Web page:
New Gov’t Event Rules: Bourekas Out, Fruit In

An Israeli chef seen preparing bourekas at a restaurant in Be’er Sheva. (Moshe Shai/Flash90)

Bourekas, ruggelach and other fattening carb-rich foods will be a thing of the past at government meetings and events. In an era of greater health consciousness, the Civil Service Authority has banned serving calorie-rich baked goods, a report in Yediot Acharonot said.

The Authority has ordered government offices and agencies to act to ensure the principles of healthy nutrition, both in foods served at the office and at events. Instead of the usual high-fat foods served at meetings, like bourekas and pastries, the Authority wants to see more fruit, sugar-free yogurts, nuts and whole grain-based cakes and sandwiches, and other healthier foods at these events. Sugary drinks are to replaced by water, seltzer, milk, tea, and coffee.

The order also affects lunches served at offices and events, and here, too, the emphasis will be on whole grains, vegetables, and a sharp reduction in the amount of sugar served. Fish and lean meat will be preferred, and chicken will be served without the skin. Fried foods will be significantly limited.

The orders will affect dozens of organizations, including all government ministries, the courts, the Knesset, the Tax Authority, government hospitals, police and fire stations.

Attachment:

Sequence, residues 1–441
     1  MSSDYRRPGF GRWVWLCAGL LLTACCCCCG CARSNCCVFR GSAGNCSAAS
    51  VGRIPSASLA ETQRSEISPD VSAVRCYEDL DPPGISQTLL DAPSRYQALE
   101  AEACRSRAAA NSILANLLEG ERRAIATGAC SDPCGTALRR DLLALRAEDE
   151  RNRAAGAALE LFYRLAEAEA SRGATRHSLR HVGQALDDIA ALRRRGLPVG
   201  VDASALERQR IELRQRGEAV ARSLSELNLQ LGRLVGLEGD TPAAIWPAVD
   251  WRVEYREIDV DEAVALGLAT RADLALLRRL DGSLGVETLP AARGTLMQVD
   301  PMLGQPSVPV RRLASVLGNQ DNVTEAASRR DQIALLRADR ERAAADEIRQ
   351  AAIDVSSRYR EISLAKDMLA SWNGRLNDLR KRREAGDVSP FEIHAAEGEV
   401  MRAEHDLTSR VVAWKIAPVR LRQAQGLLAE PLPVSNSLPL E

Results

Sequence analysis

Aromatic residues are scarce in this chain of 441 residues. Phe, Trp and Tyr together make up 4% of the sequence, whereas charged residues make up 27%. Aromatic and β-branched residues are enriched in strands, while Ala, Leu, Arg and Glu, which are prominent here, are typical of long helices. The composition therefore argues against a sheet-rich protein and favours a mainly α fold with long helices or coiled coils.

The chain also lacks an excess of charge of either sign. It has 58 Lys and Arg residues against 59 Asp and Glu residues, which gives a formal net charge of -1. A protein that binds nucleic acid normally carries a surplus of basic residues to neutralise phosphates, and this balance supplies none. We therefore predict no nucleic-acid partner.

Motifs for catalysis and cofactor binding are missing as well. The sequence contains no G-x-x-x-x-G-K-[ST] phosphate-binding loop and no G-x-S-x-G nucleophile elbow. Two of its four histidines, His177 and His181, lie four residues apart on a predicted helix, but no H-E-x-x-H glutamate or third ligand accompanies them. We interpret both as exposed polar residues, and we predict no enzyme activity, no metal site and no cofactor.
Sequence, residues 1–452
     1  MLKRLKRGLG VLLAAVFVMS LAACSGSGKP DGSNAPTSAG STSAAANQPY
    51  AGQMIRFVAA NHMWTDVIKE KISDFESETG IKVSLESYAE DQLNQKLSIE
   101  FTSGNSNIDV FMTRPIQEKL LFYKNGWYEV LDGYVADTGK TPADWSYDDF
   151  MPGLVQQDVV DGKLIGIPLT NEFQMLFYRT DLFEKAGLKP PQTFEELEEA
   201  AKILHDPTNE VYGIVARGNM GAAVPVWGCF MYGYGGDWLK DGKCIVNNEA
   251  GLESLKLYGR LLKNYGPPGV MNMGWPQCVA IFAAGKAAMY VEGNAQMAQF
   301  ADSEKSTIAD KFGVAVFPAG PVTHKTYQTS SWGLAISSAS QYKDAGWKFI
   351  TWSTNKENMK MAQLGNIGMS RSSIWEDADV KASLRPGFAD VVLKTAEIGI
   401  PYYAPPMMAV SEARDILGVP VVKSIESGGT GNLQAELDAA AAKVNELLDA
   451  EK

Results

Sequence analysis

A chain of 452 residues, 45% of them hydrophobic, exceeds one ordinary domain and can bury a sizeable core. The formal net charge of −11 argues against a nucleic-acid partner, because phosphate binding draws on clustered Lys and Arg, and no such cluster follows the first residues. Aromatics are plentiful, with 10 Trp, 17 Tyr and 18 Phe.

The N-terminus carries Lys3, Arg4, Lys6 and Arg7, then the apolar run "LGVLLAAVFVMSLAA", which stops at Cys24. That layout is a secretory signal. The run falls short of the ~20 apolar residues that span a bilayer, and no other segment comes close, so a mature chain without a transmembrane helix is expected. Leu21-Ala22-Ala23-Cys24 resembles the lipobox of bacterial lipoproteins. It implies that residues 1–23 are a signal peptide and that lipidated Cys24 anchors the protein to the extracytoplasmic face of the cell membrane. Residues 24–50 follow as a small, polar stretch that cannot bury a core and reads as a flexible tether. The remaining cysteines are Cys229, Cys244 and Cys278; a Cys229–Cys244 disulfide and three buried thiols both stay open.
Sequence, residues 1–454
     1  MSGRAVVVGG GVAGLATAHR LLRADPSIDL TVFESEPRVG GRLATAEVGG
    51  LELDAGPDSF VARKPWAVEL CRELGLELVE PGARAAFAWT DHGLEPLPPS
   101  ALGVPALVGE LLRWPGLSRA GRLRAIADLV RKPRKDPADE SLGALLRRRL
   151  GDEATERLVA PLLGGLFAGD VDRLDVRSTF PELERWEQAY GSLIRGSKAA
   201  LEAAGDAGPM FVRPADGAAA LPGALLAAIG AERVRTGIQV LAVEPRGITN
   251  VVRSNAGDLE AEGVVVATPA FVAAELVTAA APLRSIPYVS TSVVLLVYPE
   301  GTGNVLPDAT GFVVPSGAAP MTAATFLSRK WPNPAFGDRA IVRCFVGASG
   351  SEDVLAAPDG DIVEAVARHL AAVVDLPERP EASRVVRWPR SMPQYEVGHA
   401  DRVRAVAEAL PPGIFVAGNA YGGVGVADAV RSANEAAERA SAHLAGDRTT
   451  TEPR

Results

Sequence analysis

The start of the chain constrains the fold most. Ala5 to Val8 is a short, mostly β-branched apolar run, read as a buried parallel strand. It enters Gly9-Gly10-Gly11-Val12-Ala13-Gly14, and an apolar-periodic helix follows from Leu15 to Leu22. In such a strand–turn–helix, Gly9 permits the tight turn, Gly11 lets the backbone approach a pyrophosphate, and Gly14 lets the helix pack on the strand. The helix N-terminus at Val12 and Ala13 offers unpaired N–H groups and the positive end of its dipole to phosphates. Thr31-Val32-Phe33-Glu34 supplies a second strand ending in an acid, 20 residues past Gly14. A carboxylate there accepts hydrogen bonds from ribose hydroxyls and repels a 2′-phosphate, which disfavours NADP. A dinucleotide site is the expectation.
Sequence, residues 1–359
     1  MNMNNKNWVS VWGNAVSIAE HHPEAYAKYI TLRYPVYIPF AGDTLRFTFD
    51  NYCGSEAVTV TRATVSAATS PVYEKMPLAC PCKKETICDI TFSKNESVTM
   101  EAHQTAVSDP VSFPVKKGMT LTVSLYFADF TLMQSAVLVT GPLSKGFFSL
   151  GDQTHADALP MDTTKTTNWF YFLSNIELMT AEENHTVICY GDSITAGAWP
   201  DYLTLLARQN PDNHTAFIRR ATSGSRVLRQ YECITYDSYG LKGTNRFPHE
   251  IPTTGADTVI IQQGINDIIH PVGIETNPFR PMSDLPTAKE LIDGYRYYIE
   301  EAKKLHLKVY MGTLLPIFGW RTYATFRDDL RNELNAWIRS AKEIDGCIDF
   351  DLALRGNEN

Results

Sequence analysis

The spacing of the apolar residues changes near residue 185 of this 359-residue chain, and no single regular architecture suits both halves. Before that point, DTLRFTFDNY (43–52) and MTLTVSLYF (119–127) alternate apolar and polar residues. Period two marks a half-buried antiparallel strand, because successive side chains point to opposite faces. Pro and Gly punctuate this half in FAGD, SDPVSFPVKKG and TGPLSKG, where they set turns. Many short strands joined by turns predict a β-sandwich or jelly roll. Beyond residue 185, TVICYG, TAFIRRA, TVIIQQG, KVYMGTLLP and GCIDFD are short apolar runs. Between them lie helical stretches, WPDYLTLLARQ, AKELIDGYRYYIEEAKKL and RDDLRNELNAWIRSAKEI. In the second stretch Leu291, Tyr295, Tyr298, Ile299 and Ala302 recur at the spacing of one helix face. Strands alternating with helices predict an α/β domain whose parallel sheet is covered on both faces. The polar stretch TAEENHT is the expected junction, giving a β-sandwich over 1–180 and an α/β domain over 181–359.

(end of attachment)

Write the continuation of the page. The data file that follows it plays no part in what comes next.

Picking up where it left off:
The Authority said that the move was designed to battle the increased levels of obesity among Israelis, responsible for a slew of diseases, from cancer to diabetes. Lack of exercise and poor nutrition are among the chief culprits in the poor health of Israelis. The menus at meetings, events, and lunches will be gradually changed, so as to enable offices and agencies to adjust their supplies, staff, and personnel and give them time to adjust. However, sugary soft drinks will be taken off the menu immediately.

Ofer Binayahu, a top official with the Authority, said that “it is customary to serve food at all sorts of events, usually including sugared drinks, cookies and other baked goods, bourekas and the like. As a result, meetings often turn into health challenges. We aim to change that.”

To Read The Full Story

Are you already a subscriber?
Click to log in!

Hamodia Logo